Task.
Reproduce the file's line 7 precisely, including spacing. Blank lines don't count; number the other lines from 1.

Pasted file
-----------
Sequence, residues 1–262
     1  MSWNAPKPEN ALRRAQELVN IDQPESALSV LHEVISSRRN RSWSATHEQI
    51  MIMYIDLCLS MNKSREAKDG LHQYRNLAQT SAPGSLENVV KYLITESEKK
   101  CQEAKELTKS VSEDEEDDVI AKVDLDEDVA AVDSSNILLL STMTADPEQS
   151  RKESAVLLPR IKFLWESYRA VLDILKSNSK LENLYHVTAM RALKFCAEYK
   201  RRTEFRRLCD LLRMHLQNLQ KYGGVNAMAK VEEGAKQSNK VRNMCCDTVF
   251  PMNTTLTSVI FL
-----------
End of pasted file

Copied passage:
   251  PMNTTLTSVI FL